The top 10 cross-asset correlations to watch right now
In our newsletters, blog posts, whitepapers and webinars, we write and talk a lot about the relationships and interactions between major asset classes and risk factor types. We have noted that correlations have been shifting and changing with a high frequency this year, as market participants constantly adjust their focus from trade-war fears to inflation concerns and political uncertainty in Europe. Looking back at our work over the past couple of months, we have identified the 10 most significant correlation pairs that multi-asset class investors should focus on at the moment.
1. Stocks versus bonds: economic recovery, flight-to-safety and inflation concerns
For most of the past 2 years, equity and bond prices have been negatively correlated. In the so-called ‘Trump rally’ following the presidential election in November 2016, interest rates rose together with share prices, as investors became optimistic about the US economy. This was occasionally interrupted by periods of geo-political tensions—conflicts with Russia over Syria, nuclear missile tests in North Korea, impeachment calls against President Trump, trade wars with China—during which these asset-class movements reversed, as market participants fled risky equities for the relative safety of government debt. In both these environments stock and bond prices moved in opposite directions, providing good diversification opportunities for portfolio managers.
The opposite was true, however, whenever market players were worried about inflation. In that scenario, equity and debt securities moved in the same direction—irrespective of whether the concern was about inflation being too high or too low. During most of the 2017 bull run, rising consumer prices were seen as a sign of a healthy and recovering economy, and when a monthly release came in below expectations, interest rates fell, while share prices continued to rise. This changed dramatically at the beginning of February this year, when a strong rise in average weekly earnings was considered a warning sign that the economy might be overheating. In that case, equity and bond markets both sold off, again leading to a reversal of the correlation from negative to positive. This was particularly bad for portfolio managers, as share price losses could no longer be offset by gains in fixed income investments.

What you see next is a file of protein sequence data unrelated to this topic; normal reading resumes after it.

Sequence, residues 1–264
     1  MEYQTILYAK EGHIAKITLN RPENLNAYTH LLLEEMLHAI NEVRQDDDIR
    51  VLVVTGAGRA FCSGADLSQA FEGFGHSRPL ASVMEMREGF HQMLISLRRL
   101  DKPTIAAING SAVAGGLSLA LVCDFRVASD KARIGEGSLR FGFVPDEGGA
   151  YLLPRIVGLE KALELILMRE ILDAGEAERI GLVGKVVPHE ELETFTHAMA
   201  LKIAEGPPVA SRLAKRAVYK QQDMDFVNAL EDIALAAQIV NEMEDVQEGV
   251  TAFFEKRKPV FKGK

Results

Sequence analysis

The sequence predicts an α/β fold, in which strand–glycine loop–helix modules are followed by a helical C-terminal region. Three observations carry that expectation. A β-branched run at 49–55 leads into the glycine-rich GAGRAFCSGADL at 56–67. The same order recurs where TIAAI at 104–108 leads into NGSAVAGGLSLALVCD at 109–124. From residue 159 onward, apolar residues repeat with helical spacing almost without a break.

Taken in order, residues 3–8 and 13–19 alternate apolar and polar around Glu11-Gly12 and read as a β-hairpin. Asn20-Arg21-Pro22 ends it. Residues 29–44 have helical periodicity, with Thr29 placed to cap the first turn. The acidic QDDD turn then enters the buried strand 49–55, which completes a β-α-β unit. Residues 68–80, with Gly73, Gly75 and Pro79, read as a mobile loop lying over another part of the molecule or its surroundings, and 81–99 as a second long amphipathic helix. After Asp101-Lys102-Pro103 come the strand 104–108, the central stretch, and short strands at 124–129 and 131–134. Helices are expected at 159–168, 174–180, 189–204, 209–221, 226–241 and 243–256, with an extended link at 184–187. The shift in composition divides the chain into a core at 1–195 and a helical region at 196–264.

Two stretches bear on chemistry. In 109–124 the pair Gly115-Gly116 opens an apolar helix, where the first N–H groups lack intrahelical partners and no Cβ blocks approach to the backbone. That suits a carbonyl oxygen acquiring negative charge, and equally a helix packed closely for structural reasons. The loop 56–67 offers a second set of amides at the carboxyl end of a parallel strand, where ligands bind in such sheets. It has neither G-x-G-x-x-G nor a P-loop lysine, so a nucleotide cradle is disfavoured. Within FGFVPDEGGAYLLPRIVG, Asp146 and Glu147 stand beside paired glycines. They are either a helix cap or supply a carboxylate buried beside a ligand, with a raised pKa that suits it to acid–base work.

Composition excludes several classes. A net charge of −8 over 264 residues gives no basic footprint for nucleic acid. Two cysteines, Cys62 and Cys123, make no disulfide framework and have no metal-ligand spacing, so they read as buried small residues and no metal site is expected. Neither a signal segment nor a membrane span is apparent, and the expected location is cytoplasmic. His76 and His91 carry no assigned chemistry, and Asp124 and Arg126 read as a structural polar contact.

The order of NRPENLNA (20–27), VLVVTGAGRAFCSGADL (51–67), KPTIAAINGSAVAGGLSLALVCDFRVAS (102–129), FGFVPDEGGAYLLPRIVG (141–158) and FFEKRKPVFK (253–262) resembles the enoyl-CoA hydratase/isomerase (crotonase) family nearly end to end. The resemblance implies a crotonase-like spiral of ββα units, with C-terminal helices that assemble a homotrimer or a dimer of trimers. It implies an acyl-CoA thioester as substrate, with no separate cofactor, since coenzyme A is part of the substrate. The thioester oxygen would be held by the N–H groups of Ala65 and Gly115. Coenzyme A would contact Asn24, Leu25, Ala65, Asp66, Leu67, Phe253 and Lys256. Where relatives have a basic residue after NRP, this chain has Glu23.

2. Dollar versus interest rates and bond yields: higher rates, more attractive currency
The anticipation of more aggressive rate hikes by the Federal Reserve Bank in response to stronger consumer price growth was, however, a big plus for the US dollar, as higher interest makes a currency more attractive to foreign investors. This combination of rising yields and a stronger dollar was evident in both the equity bull market and in periods of accelerating inflation. Conversely, the dollar tended to depreciate as interest rates fell in times of heightened geopolitical risk. However, this was conditional on whether the risk related to the United States. For example, in periods of political uncertainty in Europe (French presidential election, German coalition talks, Italian fiscal policy, etc.), the relationship was reversed. In those times, the USD could be expected to gain against its European rivals, while bond yields would go down.
3. Yen versus US stock market: reliable diversification in times of crisis
In periods of geopolitical uncertainty and stock market corrections, the yen is usually one of the greatest beneficiaries, as Japanese investors are very risk averse and have a habit of repatriating their funds when things go badly in other parts of the world. Combined with its relatively high volatility, the yen’s negative correlation with the US stock market makes it an effective diversifier.